LinkedIn, unlike other social media, is less concerned with selling or promoting your goods and services. On LinkedIn, overtly promoting your business, spamming, and apparent hard-selling are all frowned upon. This is why developing a platform-specific marketing plan is important. Since the network has a completely different audience, LinkedIn marketing necessitates a different strategy to achieve the desired results.
According to Sprout Social, companies marketing on LinkedIn produce 277% more leads than those marketing solely on Facebook. According to B2B marketers polled, LinkedIn accounts for 80% of their social media leads. LinkedIn, when used correctly, is a powerful marketing tool that can propel the company to new heights.
So, how do you maximize the value of your LinkedIn profile? Here are some strategies for using LinkedIn for sales prospecting.
Let's get straight into it.
1) Polish Your Profile
Before you consider approaching others, you can update your profile to ensure that when you do start attracting attention, it will result in the desired outcome. Writing in the first person gives your profile more legitimacy and credibility. Write your bio and other profile messages so that they clearly illustrate how your services can benefit a potential customer.
You can accomplish this by “making the connection” when writing – show visitors how the services you provide can contribute to the changes they want in their company. Avoid talking about your talents in broad strokes, otherwise, they won't understand how, for example, negotiating training will help them land bigger deals.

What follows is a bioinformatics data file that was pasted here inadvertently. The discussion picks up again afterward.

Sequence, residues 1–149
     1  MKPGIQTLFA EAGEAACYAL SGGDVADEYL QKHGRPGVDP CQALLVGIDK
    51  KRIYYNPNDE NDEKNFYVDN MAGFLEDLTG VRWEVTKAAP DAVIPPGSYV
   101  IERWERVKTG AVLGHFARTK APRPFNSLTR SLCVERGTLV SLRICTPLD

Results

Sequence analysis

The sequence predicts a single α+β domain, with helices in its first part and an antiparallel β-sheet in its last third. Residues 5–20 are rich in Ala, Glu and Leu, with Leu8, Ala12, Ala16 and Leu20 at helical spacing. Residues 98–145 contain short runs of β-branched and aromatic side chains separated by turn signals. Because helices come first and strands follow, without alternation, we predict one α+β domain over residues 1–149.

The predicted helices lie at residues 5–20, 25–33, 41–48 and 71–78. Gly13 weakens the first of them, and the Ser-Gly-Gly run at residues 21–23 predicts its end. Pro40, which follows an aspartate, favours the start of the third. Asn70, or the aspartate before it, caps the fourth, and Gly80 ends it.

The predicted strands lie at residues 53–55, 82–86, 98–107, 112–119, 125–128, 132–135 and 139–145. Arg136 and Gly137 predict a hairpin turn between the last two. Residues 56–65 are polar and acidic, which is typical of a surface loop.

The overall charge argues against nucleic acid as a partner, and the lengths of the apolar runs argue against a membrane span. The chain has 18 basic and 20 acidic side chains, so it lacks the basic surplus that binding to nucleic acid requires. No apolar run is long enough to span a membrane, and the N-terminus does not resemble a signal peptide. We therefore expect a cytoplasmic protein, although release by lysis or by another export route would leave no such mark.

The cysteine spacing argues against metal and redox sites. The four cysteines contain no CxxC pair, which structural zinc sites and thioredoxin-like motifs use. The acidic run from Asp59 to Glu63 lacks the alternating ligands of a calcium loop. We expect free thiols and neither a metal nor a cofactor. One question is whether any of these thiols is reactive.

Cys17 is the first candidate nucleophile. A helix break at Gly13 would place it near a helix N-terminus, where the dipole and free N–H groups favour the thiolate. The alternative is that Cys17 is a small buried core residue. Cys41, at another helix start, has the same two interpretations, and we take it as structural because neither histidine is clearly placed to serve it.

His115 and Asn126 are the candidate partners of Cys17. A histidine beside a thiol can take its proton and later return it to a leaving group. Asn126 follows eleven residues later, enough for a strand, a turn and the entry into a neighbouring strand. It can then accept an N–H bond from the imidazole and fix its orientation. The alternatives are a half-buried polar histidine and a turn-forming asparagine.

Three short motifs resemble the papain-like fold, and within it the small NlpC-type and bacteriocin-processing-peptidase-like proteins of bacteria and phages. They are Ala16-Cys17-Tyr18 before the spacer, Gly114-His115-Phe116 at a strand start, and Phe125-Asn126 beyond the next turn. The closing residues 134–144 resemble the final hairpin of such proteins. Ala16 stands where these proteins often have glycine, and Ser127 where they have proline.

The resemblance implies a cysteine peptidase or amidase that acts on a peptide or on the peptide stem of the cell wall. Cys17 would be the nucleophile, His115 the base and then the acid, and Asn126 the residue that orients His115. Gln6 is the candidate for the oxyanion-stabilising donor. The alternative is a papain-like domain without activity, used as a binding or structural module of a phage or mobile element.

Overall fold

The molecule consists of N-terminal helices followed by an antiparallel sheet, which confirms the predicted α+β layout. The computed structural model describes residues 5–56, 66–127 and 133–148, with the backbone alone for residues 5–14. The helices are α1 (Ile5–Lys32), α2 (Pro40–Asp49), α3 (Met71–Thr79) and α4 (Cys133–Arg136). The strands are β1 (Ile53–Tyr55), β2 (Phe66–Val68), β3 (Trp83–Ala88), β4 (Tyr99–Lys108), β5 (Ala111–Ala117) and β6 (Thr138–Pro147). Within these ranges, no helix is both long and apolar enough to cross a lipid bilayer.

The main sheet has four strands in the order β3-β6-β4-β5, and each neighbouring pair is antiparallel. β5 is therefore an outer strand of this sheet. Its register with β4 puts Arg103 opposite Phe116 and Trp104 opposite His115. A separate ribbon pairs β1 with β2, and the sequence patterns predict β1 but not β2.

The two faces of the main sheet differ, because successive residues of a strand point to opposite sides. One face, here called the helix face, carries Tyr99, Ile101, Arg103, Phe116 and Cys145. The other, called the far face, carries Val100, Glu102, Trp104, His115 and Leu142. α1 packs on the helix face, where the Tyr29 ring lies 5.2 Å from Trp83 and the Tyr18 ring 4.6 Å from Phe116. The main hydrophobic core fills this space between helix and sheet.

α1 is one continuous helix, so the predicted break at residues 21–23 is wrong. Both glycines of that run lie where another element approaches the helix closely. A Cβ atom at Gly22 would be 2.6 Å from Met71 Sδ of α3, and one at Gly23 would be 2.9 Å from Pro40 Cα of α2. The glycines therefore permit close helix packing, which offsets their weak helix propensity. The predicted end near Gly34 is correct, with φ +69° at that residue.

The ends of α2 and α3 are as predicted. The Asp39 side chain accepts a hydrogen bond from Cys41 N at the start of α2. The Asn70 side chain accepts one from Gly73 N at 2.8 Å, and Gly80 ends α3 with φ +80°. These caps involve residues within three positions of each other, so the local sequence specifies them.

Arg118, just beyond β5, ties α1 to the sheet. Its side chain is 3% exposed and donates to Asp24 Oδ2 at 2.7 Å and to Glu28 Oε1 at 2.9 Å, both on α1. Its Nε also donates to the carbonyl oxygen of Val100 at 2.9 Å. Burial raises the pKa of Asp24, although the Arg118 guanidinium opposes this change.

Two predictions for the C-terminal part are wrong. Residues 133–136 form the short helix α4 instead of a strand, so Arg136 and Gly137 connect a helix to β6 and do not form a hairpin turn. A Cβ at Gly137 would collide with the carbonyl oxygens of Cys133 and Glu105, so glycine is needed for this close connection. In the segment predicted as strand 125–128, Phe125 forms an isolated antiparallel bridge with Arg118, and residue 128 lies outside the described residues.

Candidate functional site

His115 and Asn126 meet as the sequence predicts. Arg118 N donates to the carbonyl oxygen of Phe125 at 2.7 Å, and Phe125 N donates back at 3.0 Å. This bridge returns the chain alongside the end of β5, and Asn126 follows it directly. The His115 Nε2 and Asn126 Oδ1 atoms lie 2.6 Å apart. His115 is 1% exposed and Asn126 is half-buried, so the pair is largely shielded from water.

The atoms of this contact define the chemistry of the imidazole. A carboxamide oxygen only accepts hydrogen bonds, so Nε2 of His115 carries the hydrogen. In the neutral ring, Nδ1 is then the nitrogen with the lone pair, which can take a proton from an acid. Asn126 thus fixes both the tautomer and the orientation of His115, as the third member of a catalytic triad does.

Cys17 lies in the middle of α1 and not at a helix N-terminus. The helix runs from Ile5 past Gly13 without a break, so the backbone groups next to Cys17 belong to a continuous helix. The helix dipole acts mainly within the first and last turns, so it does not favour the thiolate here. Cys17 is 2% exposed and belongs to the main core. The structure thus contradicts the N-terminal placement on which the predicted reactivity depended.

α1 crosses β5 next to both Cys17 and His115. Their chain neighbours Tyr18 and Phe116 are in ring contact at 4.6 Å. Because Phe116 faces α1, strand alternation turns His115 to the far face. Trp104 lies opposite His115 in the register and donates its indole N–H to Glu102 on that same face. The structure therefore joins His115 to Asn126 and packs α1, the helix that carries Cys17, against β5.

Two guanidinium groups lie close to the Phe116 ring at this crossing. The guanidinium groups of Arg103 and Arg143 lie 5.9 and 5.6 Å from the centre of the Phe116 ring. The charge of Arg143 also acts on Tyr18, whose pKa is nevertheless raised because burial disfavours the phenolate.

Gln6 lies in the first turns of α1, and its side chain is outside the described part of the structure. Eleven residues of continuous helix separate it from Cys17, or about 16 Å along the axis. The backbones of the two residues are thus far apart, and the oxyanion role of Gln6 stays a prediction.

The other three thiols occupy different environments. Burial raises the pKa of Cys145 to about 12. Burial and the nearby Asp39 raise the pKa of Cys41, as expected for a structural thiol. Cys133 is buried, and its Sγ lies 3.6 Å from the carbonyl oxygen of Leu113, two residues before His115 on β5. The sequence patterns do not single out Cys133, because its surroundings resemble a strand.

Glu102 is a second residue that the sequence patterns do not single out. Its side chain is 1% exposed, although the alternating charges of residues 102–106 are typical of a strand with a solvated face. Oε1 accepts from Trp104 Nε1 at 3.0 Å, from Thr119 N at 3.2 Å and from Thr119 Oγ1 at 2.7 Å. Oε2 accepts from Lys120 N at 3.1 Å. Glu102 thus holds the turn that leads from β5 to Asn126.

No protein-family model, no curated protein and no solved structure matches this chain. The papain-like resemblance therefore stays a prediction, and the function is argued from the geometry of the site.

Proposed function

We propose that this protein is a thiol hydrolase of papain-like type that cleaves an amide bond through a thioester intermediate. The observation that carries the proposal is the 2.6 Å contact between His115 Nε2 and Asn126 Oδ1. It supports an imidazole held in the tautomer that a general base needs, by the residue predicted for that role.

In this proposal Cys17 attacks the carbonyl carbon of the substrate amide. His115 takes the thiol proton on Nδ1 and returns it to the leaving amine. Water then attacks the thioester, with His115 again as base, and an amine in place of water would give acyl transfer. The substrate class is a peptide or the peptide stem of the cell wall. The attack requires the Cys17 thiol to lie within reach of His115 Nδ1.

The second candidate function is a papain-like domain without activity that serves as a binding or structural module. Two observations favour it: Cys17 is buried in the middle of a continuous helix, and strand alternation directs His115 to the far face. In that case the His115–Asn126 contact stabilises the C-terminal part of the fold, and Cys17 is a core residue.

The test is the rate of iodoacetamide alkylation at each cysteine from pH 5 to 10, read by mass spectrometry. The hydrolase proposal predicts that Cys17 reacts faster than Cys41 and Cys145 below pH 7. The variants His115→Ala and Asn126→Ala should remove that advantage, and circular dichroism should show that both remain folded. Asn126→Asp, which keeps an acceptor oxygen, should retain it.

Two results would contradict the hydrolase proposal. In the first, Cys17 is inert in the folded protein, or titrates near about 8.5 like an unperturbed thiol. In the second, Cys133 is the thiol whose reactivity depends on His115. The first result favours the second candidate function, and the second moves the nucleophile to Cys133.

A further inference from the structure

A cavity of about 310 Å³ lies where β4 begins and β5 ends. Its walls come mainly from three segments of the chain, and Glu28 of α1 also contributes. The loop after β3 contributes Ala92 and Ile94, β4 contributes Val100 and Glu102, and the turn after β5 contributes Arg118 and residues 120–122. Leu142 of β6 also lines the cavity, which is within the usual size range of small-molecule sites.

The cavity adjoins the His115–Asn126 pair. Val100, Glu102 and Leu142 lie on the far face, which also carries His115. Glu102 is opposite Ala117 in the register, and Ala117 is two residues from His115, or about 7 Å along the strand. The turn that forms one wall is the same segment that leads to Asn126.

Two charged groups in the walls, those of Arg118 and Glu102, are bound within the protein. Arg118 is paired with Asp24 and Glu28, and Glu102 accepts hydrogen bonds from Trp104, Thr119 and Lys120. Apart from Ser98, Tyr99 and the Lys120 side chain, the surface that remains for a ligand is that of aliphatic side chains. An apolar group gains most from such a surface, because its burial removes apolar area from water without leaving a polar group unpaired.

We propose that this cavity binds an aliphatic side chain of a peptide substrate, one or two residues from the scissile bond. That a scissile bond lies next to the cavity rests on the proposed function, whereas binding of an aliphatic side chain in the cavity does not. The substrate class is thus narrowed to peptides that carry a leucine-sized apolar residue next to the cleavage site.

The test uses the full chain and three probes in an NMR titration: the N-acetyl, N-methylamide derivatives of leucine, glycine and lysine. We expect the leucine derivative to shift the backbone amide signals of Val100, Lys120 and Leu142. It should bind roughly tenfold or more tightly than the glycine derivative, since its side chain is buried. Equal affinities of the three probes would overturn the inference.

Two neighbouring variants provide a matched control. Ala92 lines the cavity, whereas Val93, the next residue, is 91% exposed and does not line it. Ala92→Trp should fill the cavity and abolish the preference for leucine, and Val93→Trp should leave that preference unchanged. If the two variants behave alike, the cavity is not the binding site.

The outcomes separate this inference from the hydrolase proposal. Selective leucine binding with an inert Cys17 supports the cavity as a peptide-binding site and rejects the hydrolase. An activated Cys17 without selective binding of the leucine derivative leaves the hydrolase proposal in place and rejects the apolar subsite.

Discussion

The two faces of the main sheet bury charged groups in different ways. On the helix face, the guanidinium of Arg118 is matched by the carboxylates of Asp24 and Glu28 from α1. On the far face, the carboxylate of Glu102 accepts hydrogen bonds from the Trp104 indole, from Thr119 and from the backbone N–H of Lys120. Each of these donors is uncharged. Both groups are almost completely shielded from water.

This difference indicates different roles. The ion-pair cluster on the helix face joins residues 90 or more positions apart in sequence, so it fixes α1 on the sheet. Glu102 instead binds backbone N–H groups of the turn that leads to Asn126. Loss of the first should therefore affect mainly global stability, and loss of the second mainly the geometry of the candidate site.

Follow these steps to ensure that your LinkedIn profile is active and optimized:
- Get a professional headshot. Skip the amusing images – according to LinkedIn data, photos on profiles receive 21x more views and 36x more messages.
- Create an eye-catching headline. Aja Frost, a Hubspot blogger, suggests four tips for writing a headline: adapt it to your audience, provide your value proposition, use your prospect's vocabulary, and stop hyperbole.
- Create a brief – yet impactful – bio. Keep the following four pieces of knowledge in mind, according to Hootsuite: Include your passions, how you got into the industry, what you do in your current job, and what your company does.
- Disable the LinkedIn setting that enables you to browse other people's profiles anonymously. As a result, your name will appear on prospect profiles before you conduct cold outreach to them.
- Ask for endorsements but do so with caution. Endorsements are useful but don't bombard all of your contacts with queries. Instead, wait until you've developed relationships and you're worth it before asking. If your requests aren't being answered, many LinkedIn users believe that you must offer endorsements to receive them.
2) Find Clients & Connections that are Highly Targeted
LinkedIn's targeting is unrivaled in the world of digital ads. Small companies should target the exact market, company size, and job position [of the people] they know will purchase their product or service.